The expanding war in the northwest
On December 24, 11 soldiers of the Frontier Corps and 24 militants were killed in clashes that took place after local Afghan insurgents, supported by ‘foreigners’, attacked five security forces posts in the Safi and Baizai tehsils of Mohmand Agency. There are reports that a large number of militants were involved in the assault. This comes in the wake of drone attacks on Afridi Tirah — which lies to the west of Peshawar — on December 16 and 17, in which more than 22 militants, along with 20 others, were killed.
Do these attacks come as a surprise? I would think not. As a matter of fact, the situation in Jalalabad and Kunar in Afghanistan has aggravated since September 2010. In November, there were two attacks on the Jalalabad airfield — the largest Nato airbase in this region — which is used for providing air support to the war along Pakistan’s border. Besides this, there is also close coordination between the US and Pakistani militaries, the intelligence and police forces through the institution of joint ‘fusion centres and cells,’ which exist at different places within Pakistan and Afghanistan. Latest intelligence and real time battle information is provided by the US to the Pakistani military and other agencies. Thus, the war against the militants is now being conducted on the basis of intelligence fed by drones to the Pakistani military through US platforms.
Evidently, this strategy of joint action has pinned the militants and they are now trying to relieve the pressure by attacking other spots along the Durand Line. The attack on Mohmand and the suicide bomb attack in Bajaur Agency a couple of days ago, should be seen in this light. But other major changes are also occurring in the region. As Pakistani and US drone attacks have pulverised the Tehreek-i-Taliban and its foreign supporters, particularly the Islamic movement of Uzbekistan (IMU), the latter have begun to head towards Central Asian States. In August and September of this year, the IMU attacked the central prison in Dushanbe and helped many of its supporters escape. The Tajikistan security forces began sweeps that were ambushed and many Tajik military personnel were killed by the IMU.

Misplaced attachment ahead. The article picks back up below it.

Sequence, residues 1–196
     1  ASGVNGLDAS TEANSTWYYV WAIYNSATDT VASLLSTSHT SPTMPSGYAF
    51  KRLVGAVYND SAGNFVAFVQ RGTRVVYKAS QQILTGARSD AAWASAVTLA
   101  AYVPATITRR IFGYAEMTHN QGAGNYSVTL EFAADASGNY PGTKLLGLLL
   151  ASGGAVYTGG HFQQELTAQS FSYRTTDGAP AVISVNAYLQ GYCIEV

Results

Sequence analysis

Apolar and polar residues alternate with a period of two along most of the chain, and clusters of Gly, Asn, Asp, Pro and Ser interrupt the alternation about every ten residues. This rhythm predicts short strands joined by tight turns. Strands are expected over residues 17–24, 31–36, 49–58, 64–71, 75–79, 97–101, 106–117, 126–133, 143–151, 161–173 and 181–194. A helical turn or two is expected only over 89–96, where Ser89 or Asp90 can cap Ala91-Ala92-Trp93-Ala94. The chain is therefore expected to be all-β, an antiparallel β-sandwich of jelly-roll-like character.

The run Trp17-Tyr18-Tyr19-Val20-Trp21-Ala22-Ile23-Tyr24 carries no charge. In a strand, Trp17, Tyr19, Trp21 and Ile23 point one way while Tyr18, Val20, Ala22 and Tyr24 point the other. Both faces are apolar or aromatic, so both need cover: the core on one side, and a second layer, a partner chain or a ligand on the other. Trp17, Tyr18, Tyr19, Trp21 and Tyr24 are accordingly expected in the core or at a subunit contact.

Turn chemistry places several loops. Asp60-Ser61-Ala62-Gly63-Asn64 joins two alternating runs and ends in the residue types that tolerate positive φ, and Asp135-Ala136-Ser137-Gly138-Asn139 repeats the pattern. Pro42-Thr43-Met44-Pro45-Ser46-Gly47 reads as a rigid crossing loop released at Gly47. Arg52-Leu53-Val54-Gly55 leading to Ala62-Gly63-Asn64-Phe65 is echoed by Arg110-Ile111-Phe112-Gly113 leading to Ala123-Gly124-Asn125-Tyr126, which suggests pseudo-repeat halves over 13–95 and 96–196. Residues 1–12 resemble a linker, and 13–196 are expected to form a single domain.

Ever since the Pakistan military was inducted into Waziristan, Swat, Orakzai and Khyber Agency, militants have been cornered and are now shifting to less perilous locations, some into Afghanistan. Although pressure on many parts of Fata and Pakhtunkhwa has lessened, it has increased in other parts. If this trend continues, it is foreseen that many foreign militants will soon be operating in Central Asia and the Russian Caucuses region of Chechnya and Dagestan yet again. Militants in Pakistan will be headed for the urban centres of the country and, after lying low, they will again reorganise terrorist activities in cities. In other words, the war will be transferred from the military to the police and security agencies.
So what is the answer? Unfortunately, states are still anchored in a world view relevant to the 1980s. But the world has changed drastically since then. Joseph Nye, the doyen of the US foreign policy establishment, thinks that due to low entry costs ushered in by developments in information technology and the privatisation of war, the state no longer has the upper hand in the use of coercive force in that resistance is possible and provides a new identity to fighters. If that is so, then the solution to terrorism and violence lies in transforming how states treat their citizens and this should be based on social justice and human rights and not on expanding security capacities.
Published in The Express Tribune, December 29th, 2010.